According to the marketing magazine Precision Marketing (3 July 2000) the American car building giant General Motors is to invest $1.7bn in its E-commerce operation, e-GM, which it hopes will see the manufacturer sell up to 80 per cent of its cars custom-built over the internet by 2003. But they will still be delivered via dealers. Will all high-end bike manufacturers follow suit?

Will IBDs prosper in an era of mass market customisation?

General Motors of Detroit has appointed more than 200 e-commerce specialists over the last four years to drive its online ambitions, says Precision Marketing.

The corporation’s web site,, handles up to 20 per cent of overall sales, with just one per cent of the custom-built output being ordered online.

The site offers a service where consumers choose the make, model, trim, category and optional extras they require, and then sends the consumer to the nearest dealer with the desired car in stock.

However, in the future, cars are expected to be made to order, based on specifications set by the consumer online.

Orders would be fulfilled by dealers within 15 to 20 days. Dealers arent put out of the loop by the new way of working because they will still be the consumers first port of call for seeing cars in the flesh. Naturally, the dealers also get first refusal on consumer serviving contracts.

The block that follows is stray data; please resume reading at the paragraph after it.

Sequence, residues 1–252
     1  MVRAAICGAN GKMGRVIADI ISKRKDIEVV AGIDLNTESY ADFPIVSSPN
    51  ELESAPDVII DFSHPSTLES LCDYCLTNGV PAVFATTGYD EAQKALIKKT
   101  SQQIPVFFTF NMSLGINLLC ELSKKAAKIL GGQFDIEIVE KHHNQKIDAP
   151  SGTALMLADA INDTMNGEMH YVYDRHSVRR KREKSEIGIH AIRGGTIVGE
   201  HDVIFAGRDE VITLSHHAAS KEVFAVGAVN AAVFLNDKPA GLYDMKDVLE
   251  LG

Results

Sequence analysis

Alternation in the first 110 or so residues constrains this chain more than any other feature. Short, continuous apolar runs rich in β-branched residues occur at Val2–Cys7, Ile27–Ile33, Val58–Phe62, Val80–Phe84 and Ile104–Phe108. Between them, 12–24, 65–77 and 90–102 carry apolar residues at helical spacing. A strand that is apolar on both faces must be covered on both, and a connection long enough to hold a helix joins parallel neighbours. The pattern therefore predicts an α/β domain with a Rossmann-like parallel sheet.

The parallels with the bike trade are obvious. Many bike manufacturers are exploring just such a business model. Some such as Dawes have already dipped their toes in the water.

The danger for IBDs is getting cut from the loop. Those who offer an excellent retail experience rather than just a showroom of bike brands will be in the strongest position for ongoing partnership relationships with the new breed of custom built mass market bike brands.

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